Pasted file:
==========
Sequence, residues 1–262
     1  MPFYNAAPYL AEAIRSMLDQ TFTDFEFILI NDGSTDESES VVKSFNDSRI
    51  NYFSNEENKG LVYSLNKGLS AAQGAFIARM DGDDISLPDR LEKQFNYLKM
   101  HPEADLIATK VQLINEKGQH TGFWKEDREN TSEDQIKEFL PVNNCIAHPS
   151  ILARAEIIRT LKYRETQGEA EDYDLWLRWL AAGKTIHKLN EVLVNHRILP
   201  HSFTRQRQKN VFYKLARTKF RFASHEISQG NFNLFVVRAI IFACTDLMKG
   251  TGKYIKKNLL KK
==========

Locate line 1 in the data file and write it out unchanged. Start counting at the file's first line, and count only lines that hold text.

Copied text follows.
Sequence, residues 1–262